David Baxter has seen the effects of overdose on his own.
“I lived in a shared house with a guy whose boyfriend was a dealer, we had a lot of people coming around the place, using heroin and using ice in the house,” he said.
“There were quite a few occasions where I had to save people.”
Sir. Baxter used drugs for much of his adult life, and since breaking his own addiction, he has dedicated his career to helping relatives of drug users.
Mr. Baxter is the lead coach of the Canberra Alliance for Harm Minimization and Advocacy’s (CAHMA) naloxone program.
The program is funded by the ACT government and provides family and friends of opioid users with the rapid reversal drug naloxone.
Naloxone works by blocking receptors to which the opioid would otherwise bind.
It was first tested in ACT in 2012, when 200 people were given sets of the medicine.
Within the first six months of the program, up to 40 people said they had used their set.
And in the 12 months to June 2021, more than 320 Canberran’s naloxone were brought home.
New research published by the Burnet Institute last week showed that making reversal medicine freely available across Australia and free of charge would save hundreds of lives.
It found that most opioid deaths in Australia involved prescription opioids – used by 3 million Australians.
The study showed that an upscaling of the naloxone program to include other states and reach 90 percent of the people who were prescribed medium and high opioids would save over 650 lives.
In Canberra, more than 70 people were presented at Canberra Hospital for opioid-related overdoses last year, and more than 50 people had shown up by October this year.
Sir. Baxter said there was a high demand for people to attend the program he runs, but attendees were predominantly from the northern part of Canberra.
“One of the problems with Canberra’s not having such a large population, but spreading over a large area … we have a lot more customers from the inner north and the Belcon than we have from, for example, Weston Creek and Tuggeranong, ” he said.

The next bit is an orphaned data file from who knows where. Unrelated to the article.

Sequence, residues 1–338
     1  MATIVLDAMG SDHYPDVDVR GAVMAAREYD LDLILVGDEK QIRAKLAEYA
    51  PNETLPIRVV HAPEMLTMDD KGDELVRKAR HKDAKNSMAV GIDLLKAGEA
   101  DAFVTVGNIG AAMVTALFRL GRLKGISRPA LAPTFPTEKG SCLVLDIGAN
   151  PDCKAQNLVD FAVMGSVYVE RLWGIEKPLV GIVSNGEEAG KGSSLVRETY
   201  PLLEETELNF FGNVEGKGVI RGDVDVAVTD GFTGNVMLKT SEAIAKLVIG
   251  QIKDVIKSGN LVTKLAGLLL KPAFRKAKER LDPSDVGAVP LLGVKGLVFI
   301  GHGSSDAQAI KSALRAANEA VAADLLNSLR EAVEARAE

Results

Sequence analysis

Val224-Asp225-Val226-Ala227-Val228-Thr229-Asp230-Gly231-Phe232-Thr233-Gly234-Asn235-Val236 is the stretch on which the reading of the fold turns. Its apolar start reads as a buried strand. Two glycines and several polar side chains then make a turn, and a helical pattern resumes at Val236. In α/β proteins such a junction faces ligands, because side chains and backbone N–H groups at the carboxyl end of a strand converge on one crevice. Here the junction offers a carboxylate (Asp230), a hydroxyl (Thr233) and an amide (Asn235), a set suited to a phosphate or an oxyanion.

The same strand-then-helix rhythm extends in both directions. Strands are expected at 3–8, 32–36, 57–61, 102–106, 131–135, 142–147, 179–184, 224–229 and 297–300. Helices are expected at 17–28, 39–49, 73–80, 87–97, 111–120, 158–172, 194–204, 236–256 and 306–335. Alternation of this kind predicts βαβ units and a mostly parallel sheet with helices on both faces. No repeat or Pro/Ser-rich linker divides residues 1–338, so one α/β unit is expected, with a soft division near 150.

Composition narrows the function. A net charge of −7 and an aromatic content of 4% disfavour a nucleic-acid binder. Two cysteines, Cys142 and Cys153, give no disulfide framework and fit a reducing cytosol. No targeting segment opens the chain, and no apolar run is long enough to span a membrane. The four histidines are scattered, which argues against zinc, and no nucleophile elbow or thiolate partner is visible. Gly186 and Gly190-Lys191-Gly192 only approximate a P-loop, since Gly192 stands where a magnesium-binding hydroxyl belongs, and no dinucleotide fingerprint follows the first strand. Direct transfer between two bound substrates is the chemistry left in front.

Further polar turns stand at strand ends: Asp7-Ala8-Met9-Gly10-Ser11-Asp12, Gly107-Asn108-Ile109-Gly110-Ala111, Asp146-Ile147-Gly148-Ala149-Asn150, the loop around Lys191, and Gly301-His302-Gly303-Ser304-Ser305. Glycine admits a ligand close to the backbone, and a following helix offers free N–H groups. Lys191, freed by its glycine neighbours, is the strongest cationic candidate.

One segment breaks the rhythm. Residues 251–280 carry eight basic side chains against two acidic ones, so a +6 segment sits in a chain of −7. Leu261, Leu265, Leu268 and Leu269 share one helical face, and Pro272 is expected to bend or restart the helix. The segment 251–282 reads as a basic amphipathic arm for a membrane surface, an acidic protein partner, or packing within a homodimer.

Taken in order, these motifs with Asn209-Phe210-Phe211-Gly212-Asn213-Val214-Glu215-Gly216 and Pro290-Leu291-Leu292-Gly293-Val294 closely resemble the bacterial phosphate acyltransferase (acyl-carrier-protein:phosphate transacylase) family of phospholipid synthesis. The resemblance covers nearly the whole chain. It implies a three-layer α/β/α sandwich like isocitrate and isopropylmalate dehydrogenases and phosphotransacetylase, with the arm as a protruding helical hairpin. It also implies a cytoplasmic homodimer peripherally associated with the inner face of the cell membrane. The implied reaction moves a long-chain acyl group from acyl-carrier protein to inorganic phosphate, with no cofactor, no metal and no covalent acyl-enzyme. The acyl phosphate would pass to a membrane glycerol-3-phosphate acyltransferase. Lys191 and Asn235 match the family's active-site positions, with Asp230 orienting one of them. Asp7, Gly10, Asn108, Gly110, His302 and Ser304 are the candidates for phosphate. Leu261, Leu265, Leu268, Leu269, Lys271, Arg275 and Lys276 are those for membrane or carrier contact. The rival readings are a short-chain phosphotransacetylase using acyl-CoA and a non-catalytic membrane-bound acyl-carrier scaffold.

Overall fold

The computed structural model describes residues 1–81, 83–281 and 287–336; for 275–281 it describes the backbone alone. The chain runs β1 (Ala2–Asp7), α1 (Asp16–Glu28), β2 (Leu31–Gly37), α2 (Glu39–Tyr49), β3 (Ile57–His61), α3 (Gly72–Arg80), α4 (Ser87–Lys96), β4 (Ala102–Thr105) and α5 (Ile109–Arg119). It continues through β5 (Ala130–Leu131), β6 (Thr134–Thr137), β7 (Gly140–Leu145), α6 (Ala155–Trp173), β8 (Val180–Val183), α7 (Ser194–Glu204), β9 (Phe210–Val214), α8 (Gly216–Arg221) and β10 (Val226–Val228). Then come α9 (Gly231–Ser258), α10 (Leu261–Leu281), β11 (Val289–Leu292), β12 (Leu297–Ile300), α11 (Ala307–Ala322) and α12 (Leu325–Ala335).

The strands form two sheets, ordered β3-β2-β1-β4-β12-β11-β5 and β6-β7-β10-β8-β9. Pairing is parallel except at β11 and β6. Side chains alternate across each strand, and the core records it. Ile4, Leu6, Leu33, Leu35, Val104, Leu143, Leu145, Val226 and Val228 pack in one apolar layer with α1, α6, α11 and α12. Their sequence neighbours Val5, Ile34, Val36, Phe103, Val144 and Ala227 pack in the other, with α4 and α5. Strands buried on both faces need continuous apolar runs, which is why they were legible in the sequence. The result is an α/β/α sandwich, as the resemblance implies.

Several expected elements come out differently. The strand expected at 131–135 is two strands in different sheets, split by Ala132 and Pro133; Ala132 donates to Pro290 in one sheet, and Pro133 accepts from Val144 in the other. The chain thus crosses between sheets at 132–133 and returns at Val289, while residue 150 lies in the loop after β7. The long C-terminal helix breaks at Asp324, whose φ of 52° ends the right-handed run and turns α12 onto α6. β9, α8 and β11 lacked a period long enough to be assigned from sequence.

According to the Australian Institute of Health and Welfare, 99.5 per cent of drug-induced deaths involved an opioid drug in 2019.
But Mr Baxter said it was not just heroin users who died of overdoses.
‘It is often at home where people find them overdose’
For Tony Trimingham, CEO and founder of Family Drug Support Australia, the naloxone program is a welcome way to empower relatives of drug users.
Sir. Trimingham lost his son, Damien, to an overdose of heroin and has since dedicated his life to helping others in a similar situation.
“The fact that it’s now being distributed across Australia, and especially now in ACT – I’m really in favor of that,” he said.
He said many family members felt helpless when they had a loved one who was experiencing addiction, and educating families could help prevent overdose-related deaths.
“A lot of people use drugs at home, and it is often at home where people find them overdosed or unconscious, and if they have naloxone on hand, then there is a very good chance that the person will be rescued,” he said.
ANU associate professor Anna Olsen also repeated these feelings.
She said other states in Australia with naloxone programs focused on opioid users instead of the users’ friends and family, and praised CAHMA’s focus.
“The inclusion of family members can be really helpful and empowering for both the person and their family members,” she said.